Tuesday, December 15, 2009

The great and the good consult Aaro ...

One is a recollection from my own private meeting with Sir John Chilcot, some weeks ago, as part of his meticulous trawl through the people he thought might have something to add or suggest

we are suitably impressed.

another gem:

For example, was so much effort taken up in trying to get a second resolution at the UN that it detracted from planning for the invasion, occupation and postwar reconstruction?

oh so it's our fault! thanks.


Blogger Matthew said...

I thought one of the lessons of that piece was what you were saying on your own 'blog about the risks of classified information.


I was also wondering what Chilcott could have wanted from Aaro. Maybe an understanding of how one could be prepared never to believe a word the government says and then in reality from that day on do the opposite?

12/15/2009 01:13:00 PM  
Anonymous organic cheeseboard said...

That 'trying to get UN approval cost lives' thing is so lame. I think it's a question that has genuinely only occurred to one person - Aaro... There are also issues related to postwar planning that can be reflected back on him, aren't there? I mean, that 'there's got to be more' quotation could apply to lots of stuff Aaro was investing everything in back then.

Off topic, but it looks like you can't even trust Saint Hazel of Blears any more - or actually, you never could, but that didn't stop the Decents from buying into her transparent bullshit:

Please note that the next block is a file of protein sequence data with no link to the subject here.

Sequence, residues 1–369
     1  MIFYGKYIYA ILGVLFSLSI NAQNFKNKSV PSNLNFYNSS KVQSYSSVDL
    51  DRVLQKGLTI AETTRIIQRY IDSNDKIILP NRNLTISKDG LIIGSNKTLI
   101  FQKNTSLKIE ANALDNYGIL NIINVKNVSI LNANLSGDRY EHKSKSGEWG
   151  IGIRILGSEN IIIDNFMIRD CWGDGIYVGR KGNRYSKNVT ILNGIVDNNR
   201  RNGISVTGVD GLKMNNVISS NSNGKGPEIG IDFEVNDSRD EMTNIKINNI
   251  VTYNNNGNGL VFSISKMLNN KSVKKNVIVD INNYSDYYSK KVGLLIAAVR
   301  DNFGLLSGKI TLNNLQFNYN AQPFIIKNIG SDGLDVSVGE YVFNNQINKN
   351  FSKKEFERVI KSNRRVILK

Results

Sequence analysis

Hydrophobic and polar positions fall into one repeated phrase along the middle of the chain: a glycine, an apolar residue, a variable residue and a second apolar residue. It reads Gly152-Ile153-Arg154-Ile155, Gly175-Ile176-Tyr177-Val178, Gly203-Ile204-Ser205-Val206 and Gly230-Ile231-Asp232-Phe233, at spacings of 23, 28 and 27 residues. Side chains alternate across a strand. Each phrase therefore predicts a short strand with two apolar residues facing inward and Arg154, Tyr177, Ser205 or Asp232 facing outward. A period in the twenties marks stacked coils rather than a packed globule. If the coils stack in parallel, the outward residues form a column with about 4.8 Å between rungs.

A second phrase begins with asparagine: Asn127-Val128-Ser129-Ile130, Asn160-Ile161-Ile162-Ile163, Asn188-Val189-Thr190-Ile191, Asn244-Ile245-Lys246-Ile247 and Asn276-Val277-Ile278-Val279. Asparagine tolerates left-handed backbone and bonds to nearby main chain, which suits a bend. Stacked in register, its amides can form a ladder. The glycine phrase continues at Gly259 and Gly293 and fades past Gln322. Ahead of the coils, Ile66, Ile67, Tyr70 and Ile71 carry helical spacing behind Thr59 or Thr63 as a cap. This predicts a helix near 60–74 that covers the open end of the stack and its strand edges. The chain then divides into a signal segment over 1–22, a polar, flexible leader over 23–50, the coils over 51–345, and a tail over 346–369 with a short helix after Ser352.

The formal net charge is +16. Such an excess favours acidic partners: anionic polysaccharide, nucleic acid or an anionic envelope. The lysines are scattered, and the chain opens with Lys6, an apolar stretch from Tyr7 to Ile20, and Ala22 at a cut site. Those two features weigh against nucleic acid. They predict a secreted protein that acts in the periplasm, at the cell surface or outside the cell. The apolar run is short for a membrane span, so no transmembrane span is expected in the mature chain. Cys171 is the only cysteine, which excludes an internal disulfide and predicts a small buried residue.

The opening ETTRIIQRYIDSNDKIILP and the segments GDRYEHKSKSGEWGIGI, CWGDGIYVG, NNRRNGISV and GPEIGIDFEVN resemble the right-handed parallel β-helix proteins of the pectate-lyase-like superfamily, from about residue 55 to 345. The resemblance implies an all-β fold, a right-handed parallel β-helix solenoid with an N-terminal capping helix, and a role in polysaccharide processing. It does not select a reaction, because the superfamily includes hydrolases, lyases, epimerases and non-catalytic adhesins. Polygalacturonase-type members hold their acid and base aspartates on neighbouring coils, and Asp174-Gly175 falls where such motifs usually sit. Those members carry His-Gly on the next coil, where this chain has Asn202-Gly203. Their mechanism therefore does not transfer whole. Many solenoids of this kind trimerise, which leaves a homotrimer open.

12/15/2009 02:39:00 PM  
Anonymous Anonymous said...

The tortured logic of Mr Aaronovitch strikes again!


12/15/2009 03:29:00 PM  
Anonymous Marc Mulholland said...

If a war of choice requires an extremely elaborate post-war reconstruction job then it's not a terribly good idea in the first place.

It should be that either a bloody mess is considered a price proportionate to the immediate tangible war-aim (e.g. circuit-breaking regional anarchy provoked by aggression), or the overthrowing of a regime is so unproblematic as to pretty much allow for the spontaneous peaceful consolidation of a successor regime (as was the case, more or less, in the Kurdish region).

This would be my objection to Aaro (also, I suppose, upon reflection, to BB's position on the invasion back in the day - which was still better than mine, I hasten to add).

12/15/2009 04:14:00 PM  
Blogger Mr Kitty said...

Blix says nothing new here - but is quite sturdy in the G today.

But first, Tony meets Fern, and the ancient balloon (WTF?) well and truly rises, allowing such excited headlines as “Tony Blair admits: I would have invaded Iraq anyway”. Of course, Blair “admitted” no such thing.

Well, how close to crossing the border does TB want to get on this one?

Is he going to say "Well, when I say I would have gone in anyway, I was of course using the future past tense, so did not actually admit I wanted regime chance etc etc"

12/15/2009 04:44:00 PM  
Blogger Mr Kitty said...

Sorry that quote was from Aaro not Blix btw!

12/15/2009 04:46:00 PM  
Blogger Tim Wilkinson said...

Don't look at the Blair 'confession' - here's a decoy about post-invasion planning, and for added interest, it's a conspiracy theory! Yes, Aaro is propounding a conspiracy theory! Look over here!

The CT does double duty because in suggesting that Blair was sneakily only pretending to confess, it says he's innocent after all. But then that's a conspiracy theory, so don't take it too seriously... desparate, intricate stuff, trying the thread a safe path through the inconvenient facts.

Aaro: such excited headlines as 'Tony Blair admits: I would have invaded Iraq anyway'. Of course, Blair 'admitted' no such thing...[TB:]"It was the notion of him as a threat to the region, of which the development of WMD was obviously one...So this was the thing that was uppermost in my mind: the threat to the region."

Not that anything Blair says can be trusted, but Aaro doesn't mention the bit later on in the programme where Blair, having avoided the 'God told me' trap, starts riffing on the clash if civilisations: